Has anything changed, musically, since the 2017 version?

I think every time that we do this show there will always be slight changes to it. The songs and chorus are pretty much the same, with maybe the odd change in inflection. But the music changes to a certain degree every night: that’s the beauty of it. The music should be live and it should respond to the actors, so if an actor makes a particular choice one night, you go with it. I want the score of this show to constantly evolve.

Photo by Sarah Beth

What is your relationship with the director, Paul Smith, in the room?

We’ve been working together for nearly ten years now, so I would say pretty fluid, to the point where we both know what each other wants and communication can happen with little nods or just sensing how the other one feels. As I mentioned earlier, the bulk of the work that we do happens way before the rehearsal process. We tend to go and jam with a piano or a guitar for a few weeks then take a phone recording of them. Then I take them away to obsessively listen to them and bring them back to the room with odd melody strands changed.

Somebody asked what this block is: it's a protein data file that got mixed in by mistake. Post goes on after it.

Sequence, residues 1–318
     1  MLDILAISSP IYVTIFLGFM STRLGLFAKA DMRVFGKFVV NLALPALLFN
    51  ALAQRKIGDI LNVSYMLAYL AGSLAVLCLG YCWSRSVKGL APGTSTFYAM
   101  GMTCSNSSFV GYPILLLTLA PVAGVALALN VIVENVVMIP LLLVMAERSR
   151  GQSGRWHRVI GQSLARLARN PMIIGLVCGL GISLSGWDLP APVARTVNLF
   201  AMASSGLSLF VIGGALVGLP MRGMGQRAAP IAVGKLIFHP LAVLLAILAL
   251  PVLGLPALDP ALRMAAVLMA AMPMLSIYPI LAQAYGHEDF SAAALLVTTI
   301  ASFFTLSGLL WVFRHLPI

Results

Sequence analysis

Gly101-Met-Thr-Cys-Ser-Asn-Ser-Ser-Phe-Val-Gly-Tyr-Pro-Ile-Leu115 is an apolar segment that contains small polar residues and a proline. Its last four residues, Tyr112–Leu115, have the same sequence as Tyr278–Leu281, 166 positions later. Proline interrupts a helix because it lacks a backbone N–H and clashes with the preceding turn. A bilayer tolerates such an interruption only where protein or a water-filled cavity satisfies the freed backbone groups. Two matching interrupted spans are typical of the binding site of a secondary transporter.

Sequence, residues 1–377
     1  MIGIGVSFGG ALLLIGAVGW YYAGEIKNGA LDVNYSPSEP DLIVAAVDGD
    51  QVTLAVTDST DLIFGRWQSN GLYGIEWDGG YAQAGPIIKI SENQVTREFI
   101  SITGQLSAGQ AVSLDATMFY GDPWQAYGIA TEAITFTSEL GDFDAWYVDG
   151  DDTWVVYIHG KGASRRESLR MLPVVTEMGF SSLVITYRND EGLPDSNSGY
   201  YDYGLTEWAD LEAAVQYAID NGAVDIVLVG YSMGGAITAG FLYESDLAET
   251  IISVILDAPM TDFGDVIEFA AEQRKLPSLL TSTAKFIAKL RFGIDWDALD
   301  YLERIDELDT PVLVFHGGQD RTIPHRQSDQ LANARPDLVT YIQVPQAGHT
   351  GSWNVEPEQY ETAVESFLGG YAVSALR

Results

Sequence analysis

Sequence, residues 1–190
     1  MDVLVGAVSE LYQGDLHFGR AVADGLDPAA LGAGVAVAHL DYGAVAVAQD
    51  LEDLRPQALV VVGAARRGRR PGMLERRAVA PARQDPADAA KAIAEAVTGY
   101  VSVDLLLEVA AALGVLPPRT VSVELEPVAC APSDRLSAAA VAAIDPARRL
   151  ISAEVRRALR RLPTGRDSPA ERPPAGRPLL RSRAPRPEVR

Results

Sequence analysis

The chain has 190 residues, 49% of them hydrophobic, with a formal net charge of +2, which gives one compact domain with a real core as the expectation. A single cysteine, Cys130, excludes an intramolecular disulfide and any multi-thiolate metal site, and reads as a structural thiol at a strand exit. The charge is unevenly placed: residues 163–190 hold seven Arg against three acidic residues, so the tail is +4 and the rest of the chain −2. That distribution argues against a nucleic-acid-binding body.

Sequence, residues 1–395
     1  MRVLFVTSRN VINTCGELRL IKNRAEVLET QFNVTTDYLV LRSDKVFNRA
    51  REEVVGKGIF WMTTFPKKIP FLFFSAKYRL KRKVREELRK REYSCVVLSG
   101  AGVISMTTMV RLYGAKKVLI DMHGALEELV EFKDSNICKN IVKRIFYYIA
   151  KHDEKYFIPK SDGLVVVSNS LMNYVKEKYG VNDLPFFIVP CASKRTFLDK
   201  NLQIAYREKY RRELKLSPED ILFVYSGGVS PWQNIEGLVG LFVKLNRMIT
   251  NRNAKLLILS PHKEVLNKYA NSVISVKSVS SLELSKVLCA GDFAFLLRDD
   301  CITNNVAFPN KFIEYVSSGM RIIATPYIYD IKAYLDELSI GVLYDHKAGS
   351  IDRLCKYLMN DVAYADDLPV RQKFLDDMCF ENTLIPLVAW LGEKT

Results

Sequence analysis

In the room, it’s pretty fluid. We both know what we want to achieve, so certainly for the first part of the process it’s pretty separate; I need to teach the music and the underscore and perhaps put a bass on an actor that’s never played, whilst he’ll work on the characters of the show and work out the world.

In the latter part we come together and start merging acting and music. That’s the fun bit, the making part. In shows that are completely underscored, I’m completely responsible for what the audience hears and, as a result, how the audience feels and Paul is in charge of what the audience sees. Ultimately, to steal Paul’s quote, we both need to make the story clear.